Wednesday, January 18, 2006

Pat Downes Q&A - from 1/11/06 Mercury

What he got


Sometimes the best way to make your own music is to join a band devoted to someone else's songs. That's the case for Newport native Pat Downes, who quit his day job last fall to hit the road with Sublime tribute band Badfish, formed in 2000 by a trio of University of Rhode Island students. Downes' involvement in music started when he picked up a saxophone at age 9. He played in school bands from grade school into college and was a longtime member of Jiya.

When did you join Badfish?

Actually, it was the end of October, I was in another band out of Boston, Suspect, and we ended up opening for Badfish, and then they asked me if I wanted to come up and play a song. Then after that, they said "Hey, if you learn how to play some keyboards, too, we'll give you a job."

Oh, that's right, because you're a sax player.

Yeah, so, I didn't even know how to play the keyboards, but they said if I learned the parts for their songs, then they could give me some work.

Was Suspect another cover band?

No, it was original music.

What's it like to go from an original band to a cover band?

You find a way to put your own spin on it so you can still keep it creative and fun. Definitely the benefit is you can go to the show and everybody knows the words to the songs. It's weird. It's like you're just basically leading a big sing-a-long. Everybody's already into it and knows what's going on. So that makes it fun. But I'm still writing original stuff on the side, because that's part of the art, you know? I couldn't support myself on my original music when I was doing just that. This is my only job now.

So you don't have a day job anymore?

No. That's why I'm home right now. When we're on the road, that's all I do. And then when I come home I play three shows a week and then have the rest of the week off. I'm doing the whole singer-songwriter thing, so I play guitar and sing. I have my own stuff that I work on. I played drums for a while in a band, and I play bass.

What is the original material that you guys have been working on like?

It's pretty much under the same blanket as the Sublime style music. Just like a rock-reggae thing. We're trying to write towards what our audience would like.

Would you do it under the Badfish name, or would you do it under a different name?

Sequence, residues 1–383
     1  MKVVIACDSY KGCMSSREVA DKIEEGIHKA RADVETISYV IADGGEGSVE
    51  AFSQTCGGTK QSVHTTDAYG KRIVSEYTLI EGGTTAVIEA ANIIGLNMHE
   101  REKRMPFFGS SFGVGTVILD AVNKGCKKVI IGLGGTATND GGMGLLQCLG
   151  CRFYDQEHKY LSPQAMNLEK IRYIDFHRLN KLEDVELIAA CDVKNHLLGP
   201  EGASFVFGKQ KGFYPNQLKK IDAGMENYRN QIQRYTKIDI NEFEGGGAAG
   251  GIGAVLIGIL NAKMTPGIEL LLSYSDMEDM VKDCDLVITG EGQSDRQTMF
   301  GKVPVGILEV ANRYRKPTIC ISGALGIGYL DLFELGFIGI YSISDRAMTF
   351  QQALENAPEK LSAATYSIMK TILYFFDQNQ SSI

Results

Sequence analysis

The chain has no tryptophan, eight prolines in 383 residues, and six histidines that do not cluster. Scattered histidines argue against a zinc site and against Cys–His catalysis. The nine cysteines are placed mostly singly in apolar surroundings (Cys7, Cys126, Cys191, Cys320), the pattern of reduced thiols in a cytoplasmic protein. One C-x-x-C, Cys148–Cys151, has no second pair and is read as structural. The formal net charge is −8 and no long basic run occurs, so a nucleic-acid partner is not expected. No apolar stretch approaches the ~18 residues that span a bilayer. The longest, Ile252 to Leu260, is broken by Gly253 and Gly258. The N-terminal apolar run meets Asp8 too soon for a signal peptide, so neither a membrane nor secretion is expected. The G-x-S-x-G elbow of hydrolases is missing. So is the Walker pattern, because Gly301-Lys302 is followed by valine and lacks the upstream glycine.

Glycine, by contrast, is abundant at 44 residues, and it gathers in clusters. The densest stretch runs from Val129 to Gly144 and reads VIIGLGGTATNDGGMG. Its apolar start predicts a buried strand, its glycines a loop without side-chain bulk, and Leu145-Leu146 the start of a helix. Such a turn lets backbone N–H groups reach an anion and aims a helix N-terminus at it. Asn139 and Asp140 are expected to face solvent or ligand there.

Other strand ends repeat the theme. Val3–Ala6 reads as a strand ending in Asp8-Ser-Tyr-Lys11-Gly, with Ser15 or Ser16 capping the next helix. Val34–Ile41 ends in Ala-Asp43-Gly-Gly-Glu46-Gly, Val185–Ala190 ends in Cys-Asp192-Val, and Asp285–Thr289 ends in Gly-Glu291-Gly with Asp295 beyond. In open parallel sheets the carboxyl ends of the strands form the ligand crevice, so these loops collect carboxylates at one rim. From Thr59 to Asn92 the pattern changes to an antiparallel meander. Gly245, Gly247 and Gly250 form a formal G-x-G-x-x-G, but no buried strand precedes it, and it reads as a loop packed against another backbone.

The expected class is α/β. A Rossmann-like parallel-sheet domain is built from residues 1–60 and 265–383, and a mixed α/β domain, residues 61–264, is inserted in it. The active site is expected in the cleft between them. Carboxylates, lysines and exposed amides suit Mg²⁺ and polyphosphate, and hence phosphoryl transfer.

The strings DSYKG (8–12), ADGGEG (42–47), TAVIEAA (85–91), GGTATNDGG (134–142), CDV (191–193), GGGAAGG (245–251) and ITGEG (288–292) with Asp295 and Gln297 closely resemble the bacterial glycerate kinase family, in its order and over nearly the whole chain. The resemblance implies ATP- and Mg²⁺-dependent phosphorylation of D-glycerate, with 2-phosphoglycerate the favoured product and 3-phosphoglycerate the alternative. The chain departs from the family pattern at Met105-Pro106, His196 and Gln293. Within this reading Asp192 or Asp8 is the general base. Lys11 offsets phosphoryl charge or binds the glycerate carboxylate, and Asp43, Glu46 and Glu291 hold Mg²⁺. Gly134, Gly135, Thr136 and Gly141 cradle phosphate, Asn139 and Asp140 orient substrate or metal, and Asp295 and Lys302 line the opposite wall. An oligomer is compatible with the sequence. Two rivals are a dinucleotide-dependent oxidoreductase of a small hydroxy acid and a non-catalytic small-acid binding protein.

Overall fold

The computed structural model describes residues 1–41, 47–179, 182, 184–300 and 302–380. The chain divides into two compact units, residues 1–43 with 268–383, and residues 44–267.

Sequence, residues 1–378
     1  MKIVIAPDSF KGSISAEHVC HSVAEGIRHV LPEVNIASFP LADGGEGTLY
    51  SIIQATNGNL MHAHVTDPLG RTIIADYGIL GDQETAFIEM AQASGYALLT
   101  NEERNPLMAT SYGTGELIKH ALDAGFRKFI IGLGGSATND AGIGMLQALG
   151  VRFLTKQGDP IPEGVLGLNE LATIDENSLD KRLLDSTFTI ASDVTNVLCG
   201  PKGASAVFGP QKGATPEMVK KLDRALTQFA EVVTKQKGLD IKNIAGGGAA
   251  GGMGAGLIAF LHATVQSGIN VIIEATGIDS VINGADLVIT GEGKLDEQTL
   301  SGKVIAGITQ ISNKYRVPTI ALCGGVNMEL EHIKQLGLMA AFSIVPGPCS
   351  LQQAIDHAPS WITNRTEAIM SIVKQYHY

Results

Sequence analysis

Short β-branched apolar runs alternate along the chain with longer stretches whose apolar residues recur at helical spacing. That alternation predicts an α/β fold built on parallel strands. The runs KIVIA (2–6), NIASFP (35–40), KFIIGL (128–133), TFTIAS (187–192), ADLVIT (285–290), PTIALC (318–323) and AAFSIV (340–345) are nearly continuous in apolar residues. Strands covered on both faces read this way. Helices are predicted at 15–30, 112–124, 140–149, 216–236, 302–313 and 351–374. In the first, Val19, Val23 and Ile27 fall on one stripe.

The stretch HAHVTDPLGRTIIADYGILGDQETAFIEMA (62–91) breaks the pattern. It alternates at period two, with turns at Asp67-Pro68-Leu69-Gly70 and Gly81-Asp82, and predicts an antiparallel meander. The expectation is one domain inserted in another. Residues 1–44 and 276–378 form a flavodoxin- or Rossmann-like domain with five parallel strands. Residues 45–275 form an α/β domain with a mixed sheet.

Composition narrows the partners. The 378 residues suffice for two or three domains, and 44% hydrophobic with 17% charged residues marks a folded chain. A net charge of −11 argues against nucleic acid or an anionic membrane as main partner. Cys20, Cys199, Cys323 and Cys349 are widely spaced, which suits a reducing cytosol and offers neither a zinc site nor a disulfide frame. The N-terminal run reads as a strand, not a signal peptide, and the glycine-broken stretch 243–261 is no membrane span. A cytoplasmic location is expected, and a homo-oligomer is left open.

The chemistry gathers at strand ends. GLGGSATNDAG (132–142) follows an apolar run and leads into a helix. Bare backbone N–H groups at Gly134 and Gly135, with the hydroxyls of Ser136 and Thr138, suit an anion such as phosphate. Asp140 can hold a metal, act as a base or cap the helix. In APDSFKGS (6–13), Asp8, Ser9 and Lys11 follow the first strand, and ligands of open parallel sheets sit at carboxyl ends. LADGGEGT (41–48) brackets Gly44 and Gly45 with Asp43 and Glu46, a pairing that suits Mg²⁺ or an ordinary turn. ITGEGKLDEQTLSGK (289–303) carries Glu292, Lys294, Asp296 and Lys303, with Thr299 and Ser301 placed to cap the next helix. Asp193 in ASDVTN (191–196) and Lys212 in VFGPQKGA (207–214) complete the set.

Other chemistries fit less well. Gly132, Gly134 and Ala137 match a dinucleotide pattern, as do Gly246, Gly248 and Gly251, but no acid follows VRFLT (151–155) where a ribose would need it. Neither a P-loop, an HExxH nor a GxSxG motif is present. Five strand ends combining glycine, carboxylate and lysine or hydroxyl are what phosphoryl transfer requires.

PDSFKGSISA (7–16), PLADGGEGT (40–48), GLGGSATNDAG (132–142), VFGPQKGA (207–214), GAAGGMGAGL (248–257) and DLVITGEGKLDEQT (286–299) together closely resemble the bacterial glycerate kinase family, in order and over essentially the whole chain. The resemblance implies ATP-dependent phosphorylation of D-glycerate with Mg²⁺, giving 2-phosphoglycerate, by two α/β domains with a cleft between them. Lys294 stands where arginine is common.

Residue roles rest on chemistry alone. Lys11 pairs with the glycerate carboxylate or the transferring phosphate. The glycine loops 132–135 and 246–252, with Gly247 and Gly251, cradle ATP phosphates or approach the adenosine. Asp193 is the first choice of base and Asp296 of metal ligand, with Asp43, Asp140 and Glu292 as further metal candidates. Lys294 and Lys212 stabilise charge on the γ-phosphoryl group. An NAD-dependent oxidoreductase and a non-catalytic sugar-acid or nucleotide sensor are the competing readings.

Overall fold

That's still under debate. It's still early. It's definitely being thrown around a lot.

Were you a big Sublime fan before you joined Badfish?

Yeah, I knew all the stuff. I definitely wasn't listening to it as much as I do now, but I was definitely a fan.

I really doubt you saw them back in the proverbial day...

No I did not (laughs).

Can you describe your main audience? And what's your average draw?

For age, we don't play at colleges, but just college towns, it depends on the place. We play clubs that hold usually on average 500 or 600. They usually sell out. They do really well. The biggest show we played ... House of Blues in Atlantic City a few weeks ago, and that sold out. That was 3,000 people in New Jersey. We actually sold it out twice, once over the summer and once a few weeks ago, so that's our big show. It depends on the market, too.

Does it tend to be mostly college kids who are going to your gigs, though?

Yeah, for the most part. When it's an all ages show, we get a lot of really young kids, maybe as young as 14. Which is really cool, because they weren't around when the whole Sublime thing was going on. If we're playing somewhere like Lupos where the crowd's all ages, it'll be 14 to like almost 40. The 21 plus shows are a little more mellow. Not too many mosh pits, because that's all the young college and high school kids.

When you're not making music or playing out, what kind of music do you listen to?

It's everything. I'll go through listening to some real heavy stuff. I'm kind of into that band Avenged Sevenfold, like melodic metal, and anything like that to Jack Johnson and Ben Harper, that type of music. Just the whole spectrum.

Do your bandmates look the part and everything? I wouldn't imagine the singer would get SUBLIME tattooed across his back.

No. Actually, people that come to the shows do, though. It's crazy. People try to come up on stage and show off their (Sublime) tattoos. It's nuts. But I think that's another reason why people come to see us. We're not trying to imitate anybody. It's just us up on stage. The whole image thing, that was (Sublime's) thing. There are lots of cover bands that do that, try to look the part.

Like an AC/DC cover band that has the guitar player in the schoolboy outfit.

Exactly. (But) if you sound like it, you don't really need to do it.

Do you have any advice for younger people interested in getting into music? I think it's pretty remarkable that at age 23, you're able to make a living just playing music.

I was very fortunate, even in the bands that I go around in. The kids who are opening up for us, the local bands, are still very young, but most of the touring bands, I haven't really ran into anybody my age too often. A piece of advice? Just keep selling yourself, put yourself out there. Play where you can when you can, because that's the only way people are going to see you, the only way you're gonna get noticed.



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